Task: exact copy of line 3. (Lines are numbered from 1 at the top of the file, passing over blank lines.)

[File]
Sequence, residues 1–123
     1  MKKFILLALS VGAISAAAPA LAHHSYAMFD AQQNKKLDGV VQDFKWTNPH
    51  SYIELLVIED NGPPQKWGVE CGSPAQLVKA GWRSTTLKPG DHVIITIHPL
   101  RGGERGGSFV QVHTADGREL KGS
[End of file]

    51  SYIELLVIED NGPPQKWGVE CGSPAQLVKA GWRSTTLKPG DHVIITIHPL